Thursday, June 5

Why do so few mediators make any money?

Now that I have your attention - this is just one of the chapter headings in a new article analysing the market for private mediators in the US by Urška Velikonja, a teaching fellow in Harvard's Economics Department.

Of course I would be remiss if I did not mention that the very next chapter asks Why do some mediators make so much money?

In any event, it contains much interesting data on the business end of what we do, although Urška surely the footnote has had its day?

Some of the money quotes;

>The vast majority of people who enter the mediation market drop out within two years. Of those who persist, about ten thousand earn $50,000 or more per year from mediation.

>Federal, state and local governments employ around two thousand mediators. Their average annual salaries range from $55,000 for local governments, $57,000 for state governments, and $105,000 for the executive branch of the federal government.

>In California, the median divorce mediator on the court roster charges $300 per hour, and not one charges less than $150 per hour; in Virginia, on the other hand,the median mediator charges less than $125 per hour, and only top 10 percent charge more than $200 per hour.

>Of the few thousand mediators, who are able to mediate full-time, the majority earns $50,000 or less. There are fewer than a thousand mediators and possibly a few hundred, who make a good living, grossing $200,000 or more per year.

>Only a couple dozen or so mediators, primarily former judges practicing with JAMS and a few high-end commercial mediators in markets, where the cost of living and, as a result, mediation fees are high, are able to consistently bill over one million dollars per year.

>Many mediators are “lone rangers.” They like and prefer working on their own, and form partnerships only for practical reasons: so that they do not have to turn away clients when they are sick or go on vacation, so that they can share the costs of administrative staff and marketing, and so that they have someone to socialize with.

>Mediators’ overhead is low (20-25 percent of gross revenues, and no more than 30 percent) and each mediator keeps the majority of the revenues without the need or the incentive to employ junior mediators. As a result, there is virtually no demand for junior mediators...

>The article presents data that income distribution in the market for private mediation in uneven, and suggests that the market is a winner-take-all market, where a few mediators at the top of the pyramid are busy and well-paid, while the vast majority of aspiring mediators is constantly looking for work, yet makes little or no money.

9 comments:

Dina Lynch Eisenberg said...

Thanks for the heads up, Geoff, about the study. Heavens, this isn't a mystery. Few mediators make money
because they aren't prepared to
be businesspeople either by temperament or training.

There may be a glut, as the article suggests, but that's not the entire answer. The problem is mediators
are reluctant marketers, and bad ones to boot.

The US has the highest per capita ratio of lawyers. They *somehow* make money and no one is crying about a glut. I have attorneys contacting me weekly about how they can 'get into mediation'. That tells me there's money to be made; we're just not claiming it. If mediators were successful in segmenting and educating the marketplace, they'd make money. And, I say that from hard-won experience, not conjecture.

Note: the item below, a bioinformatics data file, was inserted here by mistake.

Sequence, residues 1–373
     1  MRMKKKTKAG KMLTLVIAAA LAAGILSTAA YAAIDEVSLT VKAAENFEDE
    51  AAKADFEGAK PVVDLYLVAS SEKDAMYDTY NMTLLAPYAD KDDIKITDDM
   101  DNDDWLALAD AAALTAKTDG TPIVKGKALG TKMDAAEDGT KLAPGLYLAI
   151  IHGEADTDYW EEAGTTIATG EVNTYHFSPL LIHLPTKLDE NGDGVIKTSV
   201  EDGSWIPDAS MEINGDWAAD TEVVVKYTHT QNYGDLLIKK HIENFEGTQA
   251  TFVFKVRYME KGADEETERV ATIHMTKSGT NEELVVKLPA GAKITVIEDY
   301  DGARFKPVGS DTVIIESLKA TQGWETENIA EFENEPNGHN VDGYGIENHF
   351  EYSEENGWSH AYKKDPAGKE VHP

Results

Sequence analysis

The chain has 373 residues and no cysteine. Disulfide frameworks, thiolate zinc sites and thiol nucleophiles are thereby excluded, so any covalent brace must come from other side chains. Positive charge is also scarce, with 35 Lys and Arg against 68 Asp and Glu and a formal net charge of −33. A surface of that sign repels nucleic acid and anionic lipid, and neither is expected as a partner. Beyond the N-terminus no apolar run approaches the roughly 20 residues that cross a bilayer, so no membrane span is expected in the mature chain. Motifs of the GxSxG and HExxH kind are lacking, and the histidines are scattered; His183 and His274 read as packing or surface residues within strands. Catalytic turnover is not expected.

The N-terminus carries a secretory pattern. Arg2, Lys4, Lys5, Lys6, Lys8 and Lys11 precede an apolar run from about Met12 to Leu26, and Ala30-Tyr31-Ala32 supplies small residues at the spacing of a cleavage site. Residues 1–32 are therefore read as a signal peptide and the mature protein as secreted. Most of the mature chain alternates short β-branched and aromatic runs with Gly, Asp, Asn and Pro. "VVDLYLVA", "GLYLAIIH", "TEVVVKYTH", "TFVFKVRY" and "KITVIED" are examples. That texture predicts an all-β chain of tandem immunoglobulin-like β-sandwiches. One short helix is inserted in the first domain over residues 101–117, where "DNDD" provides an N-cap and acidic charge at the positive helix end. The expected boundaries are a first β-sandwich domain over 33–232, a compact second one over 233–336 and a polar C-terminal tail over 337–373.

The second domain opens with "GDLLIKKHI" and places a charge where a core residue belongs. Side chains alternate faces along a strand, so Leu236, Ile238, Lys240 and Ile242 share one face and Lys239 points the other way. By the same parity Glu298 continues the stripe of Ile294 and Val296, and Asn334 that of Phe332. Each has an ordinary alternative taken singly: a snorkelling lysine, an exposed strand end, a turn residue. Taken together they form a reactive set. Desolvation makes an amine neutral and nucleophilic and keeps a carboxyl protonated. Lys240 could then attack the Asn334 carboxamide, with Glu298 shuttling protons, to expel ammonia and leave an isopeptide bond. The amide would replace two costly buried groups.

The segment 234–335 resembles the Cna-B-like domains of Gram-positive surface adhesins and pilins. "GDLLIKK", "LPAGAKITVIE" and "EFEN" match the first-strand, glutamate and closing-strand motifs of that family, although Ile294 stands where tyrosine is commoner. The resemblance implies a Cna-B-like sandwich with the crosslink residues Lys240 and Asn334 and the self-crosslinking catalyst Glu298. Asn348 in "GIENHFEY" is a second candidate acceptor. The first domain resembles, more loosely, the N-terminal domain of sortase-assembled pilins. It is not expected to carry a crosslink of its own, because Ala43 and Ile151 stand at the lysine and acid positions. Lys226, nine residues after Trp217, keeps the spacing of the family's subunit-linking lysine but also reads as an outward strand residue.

OK, enough rant here. As you can tell, this topic gets me riled up so there's a longer post on my site.

Sheesh, when will people learn?!

vickie said...

like actors and screenwriter .... Deeper socko-economic analysis later

Diane Levin said...

Geoff, as a mediation trainer and as someone who served on the board of directors of the New England Chapter of ACR for four years, I have seen first-hand the realities that this report depicts. I teach an open enrollment basic mediation training five times a year. Many people take these trainings and typically have high hopes that they will be successful. Two years later, and maybe one or two determined souls out of a training with 20 participants will have persisted. Most will have given up. I also saw as a board member how many new members we would gain following the completion of area mediation trainings; and how many of them allowed memberships to lapse a year or two later when the realities of practice and the difficulties in obtaining paying work set in. (You are welcome to read more about why I think this way, and why I think this is a problem for mediation trainers to face up to, at
Too many mediators, not enough mediations: is it fair to keep training neutrals with career prospects so grim?)

I respectfully disagree that the problem is attributable to poor marketing skills or a lack of business savvy on the part of mediators. It is not. The problem is precisely what the study identified, including among other things the fact that the field is dominated by attorney-mediators who gain the lion's share of the cases, particularly the coveted commercial cases. This is because, as the report points out, attorneys remain the gatekeepers for a significant amount of cases. It's a tough field to break into if you're not a retired judge or a high-profile litigator from a top-tier law school.